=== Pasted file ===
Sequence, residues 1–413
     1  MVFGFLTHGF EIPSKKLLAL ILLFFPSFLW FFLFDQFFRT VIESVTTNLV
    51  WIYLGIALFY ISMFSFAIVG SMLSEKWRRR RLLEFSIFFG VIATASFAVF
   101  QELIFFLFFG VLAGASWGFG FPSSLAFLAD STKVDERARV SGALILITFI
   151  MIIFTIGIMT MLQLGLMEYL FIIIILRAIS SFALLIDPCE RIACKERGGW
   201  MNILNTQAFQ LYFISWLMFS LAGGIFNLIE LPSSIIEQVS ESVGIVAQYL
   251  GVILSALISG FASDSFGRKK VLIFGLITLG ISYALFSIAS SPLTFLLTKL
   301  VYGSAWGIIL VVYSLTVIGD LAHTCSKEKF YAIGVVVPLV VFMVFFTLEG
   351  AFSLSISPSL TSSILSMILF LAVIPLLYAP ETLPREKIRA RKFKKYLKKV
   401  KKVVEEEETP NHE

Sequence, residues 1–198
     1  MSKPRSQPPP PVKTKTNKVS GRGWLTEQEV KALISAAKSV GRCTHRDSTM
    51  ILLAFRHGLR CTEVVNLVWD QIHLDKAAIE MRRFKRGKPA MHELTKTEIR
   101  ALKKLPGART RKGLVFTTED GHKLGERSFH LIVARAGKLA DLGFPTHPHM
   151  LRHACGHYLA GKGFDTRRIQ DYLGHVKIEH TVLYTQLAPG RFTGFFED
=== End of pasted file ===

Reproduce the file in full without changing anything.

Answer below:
Sequence, residues 1–413
     1  MVFGFLTHGF EIPSKKLLAL ILLFFPSFLW FFLFDQFFRT VIESVTTNLV
    51  WIYLGIALFY ISMFSFAIVG SMLSEKWRRR RLLEFSIFFG VIATASFAVF
   101  QELIFFLFFG VLAGASWGFG FPSSLAFLAD STKVDERARV SGALILITFI
   151  MIIFTIGIMT MLQLGLMEYL FIIIILRAIS SFALLIDPCE RIACKERGGW
   201  MNILNTQAFQ LYFISWLMFS LAGGIFNLIE LPSSIIEQVS ESVGIVAQYL
   251  GVILSALISG FASDSFGRKK VLIFGLITLG ISYALFSIAS SPLTFLLTKL
   301  VYGSAWGIIL VVYSLTVIGD LAHTCSKEKF YAIGVVVPLV VFMVFFTLEG
   351  AFSLSISPSL TSSILSMILF LAVIPLLYAP ETLPREKIRA RKFKKYLKKV
   401  KKVVEEEETP NHE

Sequence, residues 1–198
     1  MSKPRSQPPP PVKTKTNKVS GRGWLTEQEV KALISAAKSV GRCTHRDSTM
    51  ILLAFRHGLR CTEVVNLVWD QIHLDKAAIE MRRFKRGKPA MHELTKTEIR
   101  ALKKLPGART RKGLVFTTED GHKLGERSFH LIVARAGKLA DLGFPTHPHM
   151  LRHACGHYLA GKGFDTRRIQ DYLGHVKIEH TVLYTQLAPG RFTGFFED